According Schmidt, the media are increasingly under attack. The rhetoric of certain public figures only adds to this tense state of affairs. Thus, it is necessary to ask whether this is a reasonable contention, especially given the extent to which the media currently does not operate without a complaints or an oversight body. Such an organization, in theory, would sit in judgment of the fairness and professional codes of of the media.

In fact, Minister of Information, Daryl Vaz, has rightly raised the concerns about giving life to such an organization. He contends that such a
group would serve to ensure that where there are concerns about fairness of coverage, impartiality, among other concerns that these are addressed as a means of urgent action.

In responding to such a charge, however, Schmidt says that the issue of a complaints body is superfluous. In his view, it is neither sufficient nor necessary. According to the MAJ Vice-Chair individual media houses already are constrained to obey the broadcasting regulations, as well as
that there are options of appeal. These can be tabled before the MAJ, which is a body comprised of media managers and owners. Included in that group also, is the Press Association of Jamaica (PAJ), which acts as a quasi-professional grouping for local journalists.

Effectively, Schmidt believes that the media landscape is already ‘policed’ by various mechanisms to ensure that the Four Estate, as it is often
called, does what it is set up to do. However, one cannot help but ask whither the effectiveness of such groups and whether such a complaints body would, necessarily, be redundant given the highly partisan and ‘tribalised’ nature of the Jamaican political scene?

Is it sufficient to argue that the media are already under obligations and, therefore, do not require this means of regulation? That is, regarding the requirements of the PAJ, MAJ and the Broadcasting Commission of Jamaica (BCJ), itself a unique grouping in the discussion which warrants its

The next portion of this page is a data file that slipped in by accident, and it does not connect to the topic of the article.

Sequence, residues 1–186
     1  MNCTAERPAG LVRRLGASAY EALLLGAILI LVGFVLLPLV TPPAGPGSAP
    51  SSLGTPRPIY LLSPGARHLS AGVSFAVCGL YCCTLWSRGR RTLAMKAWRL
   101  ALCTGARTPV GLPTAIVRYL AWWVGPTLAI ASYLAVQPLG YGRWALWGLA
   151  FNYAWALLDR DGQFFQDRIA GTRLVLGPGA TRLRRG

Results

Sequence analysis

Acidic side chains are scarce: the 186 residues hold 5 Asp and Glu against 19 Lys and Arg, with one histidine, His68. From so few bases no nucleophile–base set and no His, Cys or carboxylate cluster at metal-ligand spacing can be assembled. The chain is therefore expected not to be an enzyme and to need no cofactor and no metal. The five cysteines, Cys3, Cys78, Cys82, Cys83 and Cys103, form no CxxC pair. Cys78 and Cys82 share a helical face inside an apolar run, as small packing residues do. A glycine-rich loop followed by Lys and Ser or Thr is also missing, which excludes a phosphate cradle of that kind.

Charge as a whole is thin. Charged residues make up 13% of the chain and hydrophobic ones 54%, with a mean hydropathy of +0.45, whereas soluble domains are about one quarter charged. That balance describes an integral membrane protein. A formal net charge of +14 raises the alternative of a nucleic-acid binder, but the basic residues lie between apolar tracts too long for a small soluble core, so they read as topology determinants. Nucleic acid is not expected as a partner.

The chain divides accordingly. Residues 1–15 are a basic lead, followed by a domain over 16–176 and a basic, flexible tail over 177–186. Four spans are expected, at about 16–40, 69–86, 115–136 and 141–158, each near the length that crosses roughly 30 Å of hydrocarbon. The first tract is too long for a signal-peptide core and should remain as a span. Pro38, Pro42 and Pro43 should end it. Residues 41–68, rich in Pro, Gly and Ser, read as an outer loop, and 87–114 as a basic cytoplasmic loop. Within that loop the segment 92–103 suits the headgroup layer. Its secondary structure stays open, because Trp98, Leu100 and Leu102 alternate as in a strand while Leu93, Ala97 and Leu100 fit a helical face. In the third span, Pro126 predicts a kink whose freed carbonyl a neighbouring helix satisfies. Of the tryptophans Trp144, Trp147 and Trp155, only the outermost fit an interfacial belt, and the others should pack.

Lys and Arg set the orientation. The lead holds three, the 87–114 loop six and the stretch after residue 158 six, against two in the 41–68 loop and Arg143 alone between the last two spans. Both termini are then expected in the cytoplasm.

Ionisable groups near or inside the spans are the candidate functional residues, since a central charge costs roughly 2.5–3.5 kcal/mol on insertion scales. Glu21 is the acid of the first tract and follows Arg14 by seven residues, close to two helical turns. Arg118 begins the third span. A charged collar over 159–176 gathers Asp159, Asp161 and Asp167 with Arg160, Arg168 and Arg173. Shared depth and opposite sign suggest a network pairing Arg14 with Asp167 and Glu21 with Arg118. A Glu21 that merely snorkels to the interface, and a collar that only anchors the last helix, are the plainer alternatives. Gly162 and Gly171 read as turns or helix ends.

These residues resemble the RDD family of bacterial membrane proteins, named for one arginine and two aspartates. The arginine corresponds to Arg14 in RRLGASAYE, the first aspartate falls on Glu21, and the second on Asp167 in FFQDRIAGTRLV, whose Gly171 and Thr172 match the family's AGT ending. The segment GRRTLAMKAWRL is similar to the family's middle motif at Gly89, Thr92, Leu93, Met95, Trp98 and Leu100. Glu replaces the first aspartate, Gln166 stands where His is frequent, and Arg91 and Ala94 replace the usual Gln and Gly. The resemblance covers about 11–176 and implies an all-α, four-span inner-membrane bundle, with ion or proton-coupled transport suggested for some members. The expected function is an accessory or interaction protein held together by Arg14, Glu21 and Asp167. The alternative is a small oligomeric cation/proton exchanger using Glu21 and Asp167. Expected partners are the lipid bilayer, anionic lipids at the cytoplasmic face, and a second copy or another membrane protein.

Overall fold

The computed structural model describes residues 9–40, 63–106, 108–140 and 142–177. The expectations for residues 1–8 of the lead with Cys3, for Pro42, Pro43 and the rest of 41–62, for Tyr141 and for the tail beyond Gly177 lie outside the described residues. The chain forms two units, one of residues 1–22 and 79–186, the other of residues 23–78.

own analysis? What harm, in effect, is there for introducing a regulatory body for the local media? And should such a body be responsible for ensuring professional accreditation and possibly also offer ratings for journalists, broadcasters, columnists and talk show hosts?

Schmidt noticeably did not offer a position on those questions in his review of the subject, choosing to argue instead that the media are, effectively, already sufficiently ‘policed’ by the current context. He further maintained that hostile attitudes in the current economic climate, given the burdens of disproving culpability in the case of defamation lawsuits, could potentially harm the media. This is not an ideal state of affairs.

Still, it bears being asked now that Jamaica is constitutionally due another elections in the next year, how will those issues play out in the
ensuing period? This is especially, considering that the Fourth Estate plays such a key role in who gets elected to public office?